Drilling can alter the core in a variety of ways. This morning, the core on the description tables is made of “biscuits and gravy”: coherent chunks of compacted sediments separated by a muddy matrix of ground up core that gets squeezed into the core barrel in between the biscuits. Why does this happen and what can it tell us?
*edited again 20 August, with additional corrections.
The variety of ways drilling can alter the core deserves a handbook. The geologists making the core descriptions have the beginnings of one, and their observations will help us turn the changes to the core because of the drilling process into useful information about the way these sediments might behave when they get to the subduction zone about 200 km to our East. After all, that is one of our goals on Expedition 362: Sumatra Seismogenic Zone.
If you’re just joining us, here’s a reminder about what we’re after. Along the margin between the down-going plate and the overriding plate in a subduction zone, sediments can collect in a big wedge. This is called an “accretionary wedge” or “accretionary prism” because the sediments get scraped off the down-going plate and stuck onto (accreted to) the overriding plate. New sediments are always being brought into the system because they’re traveling on the incoming, eventually subducted tectonic plate*. Usually these accreted sediments are quite soft, filled with water between the grains, and not likely to break into faults until they reach high pressure and elevated temperature much farther into the subduction zone.
The accretionary wedge at the North Sumatra margin is weird for a few reasons. It’s very thick and not wedge-shaped (it doesn’t have an approximately triangular cross section). The 4-5 km of sediment traveling in on the incoming Indian Plate that get accreted create a plateau up to 10 or even 15km thick from the seafloor surface down to the subducting plate. Recent earthquakes have made us rethink its role in how the subduction margin functions. Instead of the typical triangular prism shape, it’s a flat plateau that’s almost rectangular if you cut it in cross section perpendicular to its long-axis (hamburger, not hot-dog). That is, if you were traveling along the seafloor from the eastern Indian Ocean, you’d come across a steep slope of accreted sediment. Once you climb the slope, it would be a fairly flat walk to the Aceh Basin on the eastern side. When you’re standing in the Aceh Basin, you’re above the area where we usually find subduction zone earthquakes. After crossing this wide valley, you’d reach the island of Sumatra, where the volcanic arc is forming above the subduction zone.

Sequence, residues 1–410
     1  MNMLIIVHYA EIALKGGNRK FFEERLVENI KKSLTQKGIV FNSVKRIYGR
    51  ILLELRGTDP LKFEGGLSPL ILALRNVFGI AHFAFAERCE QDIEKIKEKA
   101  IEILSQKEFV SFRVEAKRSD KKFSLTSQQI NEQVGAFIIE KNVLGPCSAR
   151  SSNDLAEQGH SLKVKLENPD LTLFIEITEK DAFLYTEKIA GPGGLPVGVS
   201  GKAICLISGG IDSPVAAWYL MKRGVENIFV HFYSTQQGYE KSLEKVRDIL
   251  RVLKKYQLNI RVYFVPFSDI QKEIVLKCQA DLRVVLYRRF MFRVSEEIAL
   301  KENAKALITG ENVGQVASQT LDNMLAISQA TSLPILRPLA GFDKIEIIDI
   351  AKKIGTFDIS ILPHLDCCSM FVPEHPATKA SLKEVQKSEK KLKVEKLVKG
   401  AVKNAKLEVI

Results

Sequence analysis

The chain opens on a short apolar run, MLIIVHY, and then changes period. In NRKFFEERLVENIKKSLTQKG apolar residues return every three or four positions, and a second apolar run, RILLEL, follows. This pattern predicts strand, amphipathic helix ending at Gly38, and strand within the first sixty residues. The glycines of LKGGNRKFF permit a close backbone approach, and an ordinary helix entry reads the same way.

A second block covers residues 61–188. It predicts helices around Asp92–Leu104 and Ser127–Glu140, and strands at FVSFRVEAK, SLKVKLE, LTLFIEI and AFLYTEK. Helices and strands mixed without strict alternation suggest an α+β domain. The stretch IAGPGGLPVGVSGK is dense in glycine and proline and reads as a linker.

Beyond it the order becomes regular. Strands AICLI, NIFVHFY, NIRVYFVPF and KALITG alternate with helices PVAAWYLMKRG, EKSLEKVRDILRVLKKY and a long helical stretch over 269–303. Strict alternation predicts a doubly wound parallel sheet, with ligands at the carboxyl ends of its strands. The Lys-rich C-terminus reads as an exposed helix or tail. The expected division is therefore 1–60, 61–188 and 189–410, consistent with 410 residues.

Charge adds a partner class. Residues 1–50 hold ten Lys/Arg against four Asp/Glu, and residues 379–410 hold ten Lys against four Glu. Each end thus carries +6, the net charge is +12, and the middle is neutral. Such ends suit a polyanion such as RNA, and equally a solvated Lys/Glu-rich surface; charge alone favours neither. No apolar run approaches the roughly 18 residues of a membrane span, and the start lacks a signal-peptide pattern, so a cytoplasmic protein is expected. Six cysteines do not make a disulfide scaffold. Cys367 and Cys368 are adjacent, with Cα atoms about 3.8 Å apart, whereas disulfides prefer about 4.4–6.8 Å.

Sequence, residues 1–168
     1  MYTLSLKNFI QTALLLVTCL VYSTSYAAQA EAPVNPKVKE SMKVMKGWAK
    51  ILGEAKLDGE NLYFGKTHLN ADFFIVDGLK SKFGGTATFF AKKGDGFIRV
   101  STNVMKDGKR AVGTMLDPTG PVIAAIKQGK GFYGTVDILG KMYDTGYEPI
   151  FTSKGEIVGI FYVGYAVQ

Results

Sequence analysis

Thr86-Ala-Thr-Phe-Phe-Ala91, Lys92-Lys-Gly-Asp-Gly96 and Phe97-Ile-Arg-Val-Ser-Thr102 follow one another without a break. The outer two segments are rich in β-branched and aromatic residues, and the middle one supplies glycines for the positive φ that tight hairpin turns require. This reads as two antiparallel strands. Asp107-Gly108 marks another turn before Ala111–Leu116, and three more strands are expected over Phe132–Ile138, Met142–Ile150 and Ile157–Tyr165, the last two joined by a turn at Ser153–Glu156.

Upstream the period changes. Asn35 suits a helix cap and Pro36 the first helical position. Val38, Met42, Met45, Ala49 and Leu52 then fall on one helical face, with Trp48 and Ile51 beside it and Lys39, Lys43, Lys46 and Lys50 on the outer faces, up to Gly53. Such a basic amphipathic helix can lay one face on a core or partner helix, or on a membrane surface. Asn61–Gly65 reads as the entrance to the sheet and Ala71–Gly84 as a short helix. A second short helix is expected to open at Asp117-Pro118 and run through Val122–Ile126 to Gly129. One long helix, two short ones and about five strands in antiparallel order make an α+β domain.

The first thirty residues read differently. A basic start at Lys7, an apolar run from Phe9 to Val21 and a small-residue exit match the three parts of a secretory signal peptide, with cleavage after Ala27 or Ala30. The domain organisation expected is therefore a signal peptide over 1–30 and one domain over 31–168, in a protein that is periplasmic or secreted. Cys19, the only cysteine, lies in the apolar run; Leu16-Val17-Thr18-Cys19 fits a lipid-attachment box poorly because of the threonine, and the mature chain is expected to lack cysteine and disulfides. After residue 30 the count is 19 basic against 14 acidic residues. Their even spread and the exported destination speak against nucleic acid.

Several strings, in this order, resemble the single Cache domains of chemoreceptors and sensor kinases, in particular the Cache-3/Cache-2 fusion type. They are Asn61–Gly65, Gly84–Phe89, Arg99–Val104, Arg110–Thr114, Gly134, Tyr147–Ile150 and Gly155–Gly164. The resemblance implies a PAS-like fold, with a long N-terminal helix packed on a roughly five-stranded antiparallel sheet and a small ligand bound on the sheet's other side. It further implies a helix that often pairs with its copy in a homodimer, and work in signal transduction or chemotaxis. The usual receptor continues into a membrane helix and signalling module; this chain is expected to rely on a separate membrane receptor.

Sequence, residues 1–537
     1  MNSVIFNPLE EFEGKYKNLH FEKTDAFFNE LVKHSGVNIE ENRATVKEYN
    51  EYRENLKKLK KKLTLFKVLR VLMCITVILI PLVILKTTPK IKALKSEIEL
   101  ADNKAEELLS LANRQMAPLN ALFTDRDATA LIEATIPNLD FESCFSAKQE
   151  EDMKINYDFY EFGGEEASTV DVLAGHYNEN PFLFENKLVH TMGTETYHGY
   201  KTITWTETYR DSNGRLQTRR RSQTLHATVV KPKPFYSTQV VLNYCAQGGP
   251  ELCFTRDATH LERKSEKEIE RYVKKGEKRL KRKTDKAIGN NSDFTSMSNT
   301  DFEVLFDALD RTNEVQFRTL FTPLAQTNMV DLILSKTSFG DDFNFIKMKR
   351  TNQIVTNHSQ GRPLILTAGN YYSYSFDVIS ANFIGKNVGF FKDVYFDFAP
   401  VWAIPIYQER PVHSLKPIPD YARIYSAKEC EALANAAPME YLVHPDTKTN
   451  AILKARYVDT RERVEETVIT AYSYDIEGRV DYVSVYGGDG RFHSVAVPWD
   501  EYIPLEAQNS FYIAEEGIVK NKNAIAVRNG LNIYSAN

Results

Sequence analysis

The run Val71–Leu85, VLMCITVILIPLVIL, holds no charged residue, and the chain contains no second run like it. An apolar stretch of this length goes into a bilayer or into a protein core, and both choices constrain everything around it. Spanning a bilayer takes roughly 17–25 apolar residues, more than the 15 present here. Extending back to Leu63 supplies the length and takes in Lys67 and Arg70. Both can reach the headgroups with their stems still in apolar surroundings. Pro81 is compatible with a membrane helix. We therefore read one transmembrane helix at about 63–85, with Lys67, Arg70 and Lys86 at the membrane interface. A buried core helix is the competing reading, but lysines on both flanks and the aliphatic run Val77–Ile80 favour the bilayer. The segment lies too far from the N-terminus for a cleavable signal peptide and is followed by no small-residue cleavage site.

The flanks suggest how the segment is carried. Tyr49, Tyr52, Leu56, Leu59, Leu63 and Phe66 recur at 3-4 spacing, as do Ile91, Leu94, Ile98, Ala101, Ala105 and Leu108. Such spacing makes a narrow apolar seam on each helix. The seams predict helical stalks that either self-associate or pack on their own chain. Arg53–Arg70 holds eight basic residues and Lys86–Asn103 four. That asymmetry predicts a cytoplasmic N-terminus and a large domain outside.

On the North Sumatra margin, the M 9.1 earthquake on 26 Dec. 2004 happened further west beneath the plateau area, which made the width of the earthquake rupture across the margin much larger. This is part of the reason the 2004 earthquake was so big. The ruptured area where the two plates slid past each other was also extremely long, possibly as long as 1600 km (1000 miles)! The bigger the area that slips during an earthquake, the more powerful the earthquake. Where the rupture starts influences how far it can go in different directions, and therefore how big the earthquake could get.